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I've some strange situation here and i thought that you may help me. I have an int array populated with numbers from 1 to 10. I want to generate random number from this array and save it to another int array. I used class Random to pick any number and since random throws 0 also i modify it like that ( so it throws numbers from 1 to 10 )

randNum = rand.nextInt(numbers.length-min+1)+min;   

Following code makes sure that if it generates same random number, it skips it. Program is actually working and i'm getting in another array randomly positioned numbers from 1 to 10. That's what i wanted. But sometimes i'm missing one number from 1 - 10 AND iam Getting ZERO instead. Why??

int[] numbers = {1,2,3,4,5,6,7,8,9,10};
int[] usednum = new int[10];
Random rand = new Random();
int randNum;
int min = 1;

for (int x = 0; x<numbers.length; x++) {        
  for (int i = 0; i<usednum.length; i++) { 
    randNum = rand.nextInt(numbers.length-min+1) + min;
    for (int f = 0; f<usednum.length; f++) {
      if (usednum[f] == randNum) {
        break;
      } else if (usednum[f] == 0) { 
        usednum[x] = randNum;   
      }
    }
  } 
}

for (int c = 0; c<usednum.length; c++) {
  System.out.println(usednum[c]);
}
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works for me, run 10 times –  Nandkumar Tekale Aug 31 '12 at 14:14
1  
I have run this and confirmed that there is an error. –  Colin D Aug 31 '12 at 14:16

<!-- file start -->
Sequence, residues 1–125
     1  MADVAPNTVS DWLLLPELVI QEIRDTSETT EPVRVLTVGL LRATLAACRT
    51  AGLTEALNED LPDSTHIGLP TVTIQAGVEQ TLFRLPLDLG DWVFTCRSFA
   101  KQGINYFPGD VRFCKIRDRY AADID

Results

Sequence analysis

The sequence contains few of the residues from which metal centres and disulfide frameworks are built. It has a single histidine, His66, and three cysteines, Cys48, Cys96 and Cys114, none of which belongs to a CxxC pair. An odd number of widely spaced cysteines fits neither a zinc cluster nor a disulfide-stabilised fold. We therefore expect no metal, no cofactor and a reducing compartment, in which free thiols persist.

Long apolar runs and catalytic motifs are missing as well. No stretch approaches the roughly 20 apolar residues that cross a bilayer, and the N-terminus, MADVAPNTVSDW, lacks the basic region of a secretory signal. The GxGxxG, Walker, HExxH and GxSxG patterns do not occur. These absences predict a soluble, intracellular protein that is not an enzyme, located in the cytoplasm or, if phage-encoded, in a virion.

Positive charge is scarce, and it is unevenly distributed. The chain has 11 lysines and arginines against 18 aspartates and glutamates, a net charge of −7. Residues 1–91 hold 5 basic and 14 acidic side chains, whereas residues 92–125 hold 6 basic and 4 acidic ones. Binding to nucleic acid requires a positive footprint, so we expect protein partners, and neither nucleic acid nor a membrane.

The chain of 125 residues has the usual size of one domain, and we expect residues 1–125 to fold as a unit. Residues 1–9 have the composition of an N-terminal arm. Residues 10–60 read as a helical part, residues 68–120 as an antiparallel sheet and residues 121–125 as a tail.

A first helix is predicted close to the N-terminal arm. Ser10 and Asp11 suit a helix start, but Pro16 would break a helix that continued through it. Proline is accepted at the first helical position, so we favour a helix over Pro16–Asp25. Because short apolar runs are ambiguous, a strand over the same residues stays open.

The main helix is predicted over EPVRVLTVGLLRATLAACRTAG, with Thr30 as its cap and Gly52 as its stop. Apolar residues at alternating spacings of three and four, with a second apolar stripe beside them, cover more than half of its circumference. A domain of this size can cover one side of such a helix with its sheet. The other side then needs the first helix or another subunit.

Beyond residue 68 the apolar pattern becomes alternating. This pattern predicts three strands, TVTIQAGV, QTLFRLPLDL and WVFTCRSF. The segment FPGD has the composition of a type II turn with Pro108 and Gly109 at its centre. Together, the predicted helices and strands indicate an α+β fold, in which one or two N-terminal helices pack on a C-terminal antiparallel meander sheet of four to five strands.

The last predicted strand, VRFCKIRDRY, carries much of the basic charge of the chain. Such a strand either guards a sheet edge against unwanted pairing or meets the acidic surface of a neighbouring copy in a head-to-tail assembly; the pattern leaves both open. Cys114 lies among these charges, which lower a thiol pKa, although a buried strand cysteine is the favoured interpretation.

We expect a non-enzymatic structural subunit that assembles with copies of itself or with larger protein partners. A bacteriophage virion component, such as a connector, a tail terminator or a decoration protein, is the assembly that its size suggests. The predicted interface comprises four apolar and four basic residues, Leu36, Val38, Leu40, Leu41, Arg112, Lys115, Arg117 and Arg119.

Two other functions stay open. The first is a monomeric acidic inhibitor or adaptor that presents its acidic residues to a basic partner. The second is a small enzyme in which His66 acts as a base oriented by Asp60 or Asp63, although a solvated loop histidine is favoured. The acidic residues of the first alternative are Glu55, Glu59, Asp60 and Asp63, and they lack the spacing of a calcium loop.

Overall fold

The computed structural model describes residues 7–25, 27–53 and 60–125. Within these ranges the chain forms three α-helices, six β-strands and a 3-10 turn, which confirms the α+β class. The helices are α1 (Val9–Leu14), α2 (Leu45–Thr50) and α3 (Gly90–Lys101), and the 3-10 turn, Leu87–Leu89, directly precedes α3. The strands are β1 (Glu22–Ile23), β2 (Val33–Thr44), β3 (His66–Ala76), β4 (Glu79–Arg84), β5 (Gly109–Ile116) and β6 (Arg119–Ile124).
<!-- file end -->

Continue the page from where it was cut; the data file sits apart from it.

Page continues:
What is the purpose of g? you assign it, but do not use it. –  Colin D Aug 31 '12 at 14:20

7 Answers 7

up vote 2 down vote accepted

You're inner-most for loop only checks if the current random number is in the usednum[] array. And the for loop immediately outer of that only checks 10 times total. It gives up too quickly because it only tries 10 random numbers. If all 10 are already used, nothing will get stored in that slot of usednum[] (thus it will be 0), try adding a while loop around that and get rid of the extraneous outer-most for loop:

        for(int i = 0; i<usednum.length; i++) {
           while(usednum[i]==0) {
              randNum = rand.nextInt(numbers.length-min+1)+min;
              for(int f = 0; f<usednum.length; f++) {
                 if(usednum[f] == randNum) {
                    break;
                 } //if                                                                                                                                        
                 else if (usednum[f] == 0) {
                    usednum[i] = randNum;
                 }
              }
           }
        }

Also note that the assignment is for usednum[i] = randNum;.

This is essentially replacing the middle for loop (the one that goes from i=0 to 9) with the while loop.

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Thanks my friend. That worked perfectly.. =)) many thanks! –  Firefoxx Pwnass Aug 31 '12 at 15:01

If your goal is simply to shuffle an array of numbers, try this instead:

Integer[] numbers = {1,2,3,4,5,6,7,8,9,10};
Collections.shuffle(Arrays.asList(numbers));

It will have the same effect. Unless you are completing a homework assignment that forces you to solve the issue in a more manual fashion, just make use of the standard Java libraries.

The shuffle method writes changes through to the underlying Integer array, thanks to the special type of List returned by Arrays.asList(...). Note you have to use an array of Integer not int (see Collections shuffle()).